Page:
Pricing, demand and a solid market can boost interest in the maple market, as it did in 2017
A combination of attractive prices and increased demand in a sophisticated marketplace can boost issuance in the maple market, Canada’s go-to arena for foreign companies and banks.
After a prolonged slump since the 2007-2008 credit crisis, the market for foreign-issued bonds found its footing in the first half of 2017 and reported some its healthiest months in years.
It was also a time when Canadian banks and corporations were a little less active in the domestic market than the market had been expecting – a move that coincided with certain maturities and coupon payments coming due.
“With that lower domestic issuance, cash balances were beginning to build up, and as a result the maple issuers were able to step in and fill that void,” said Bradley Meiers, managing director and head of debt capital markets at HSBC Securities Canada.
And since, unlike the Federal Reserve in the U.S., the Bank of Canada kept interest rates low for a long period of time, the pricing actually “really started to work for international borrowers,” he added.
As a result, Canada began to see maple bonds issued by the likes of Pepsi, UPS and AT&T – companies that provided great opportunities for investors to diversify.
“When you can truly offer diversification away from other industries or sectors that the Canadian market is light on, then there’s a real peak of interest,” Meiers said.
Maple bond offerings provide Canadian investors the opportunity to hold fixed-income securities they normally wouldn’t have access to, and to buy them in Canadian dollars. Banks that take the lead on these issues usually look for recognizable names that institutional investors would like to see in their portfolio.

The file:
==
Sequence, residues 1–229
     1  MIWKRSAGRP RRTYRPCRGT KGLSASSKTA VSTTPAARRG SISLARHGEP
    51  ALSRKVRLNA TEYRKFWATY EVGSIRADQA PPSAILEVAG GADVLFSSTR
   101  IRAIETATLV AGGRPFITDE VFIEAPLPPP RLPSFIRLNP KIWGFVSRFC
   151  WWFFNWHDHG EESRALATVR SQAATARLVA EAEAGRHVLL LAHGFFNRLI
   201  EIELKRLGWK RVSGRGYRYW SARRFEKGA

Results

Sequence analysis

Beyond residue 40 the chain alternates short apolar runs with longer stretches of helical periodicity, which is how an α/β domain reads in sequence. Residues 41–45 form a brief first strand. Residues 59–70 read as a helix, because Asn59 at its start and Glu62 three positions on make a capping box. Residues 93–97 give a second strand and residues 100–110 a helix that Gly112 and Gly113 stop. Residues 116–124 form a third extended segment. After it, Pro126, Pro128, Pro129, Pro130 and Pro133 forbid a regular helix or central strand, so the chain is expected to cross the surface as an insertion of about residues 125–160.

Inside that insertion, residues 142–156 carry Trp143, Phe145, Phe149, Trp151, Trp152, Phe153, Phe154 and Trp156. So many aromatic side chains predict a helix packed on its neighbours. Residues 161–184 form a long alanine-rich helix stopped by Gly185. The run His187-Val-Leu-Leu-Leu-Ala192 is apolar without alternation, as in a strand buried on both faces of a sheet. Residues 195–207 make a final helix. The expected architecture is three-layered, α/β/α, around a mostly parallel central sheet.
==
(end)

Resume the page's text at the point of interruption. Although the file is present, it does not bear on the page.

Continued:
For issuers, tapping into foreign markets can create a great chance to diversify their investor base, as long as the market is one they’re comfortable operating in and the pricing works.
“To the degree that the pricing works for them, (Canada) actually is an attractive market because it’s relatively deep and there’s sophisticated, investment-grade investors,” said Meiers.
The maple market is expected to continue to grow as long as the pricing works and the demand continues to be there – although likely not at the record-breaking levels of the first half of 2017.
“These maple bonds are not currently in the main part of the index that everybody gets measured against, you can’t have too big a percentage of your portfolio in products that are outside the main index,” Meiers said.
“When the market is rallying and spreads are tightening and rates are falling and you’re making money, to have products that are outside of the index is usually beneficial to your portfolio as an investor.
But the opposite is true – when spreads start to widen or rates back up and you’ve got those bets outside of the main index you will under-perform, so in this situation you don’t want to have too much of that outside of the index.”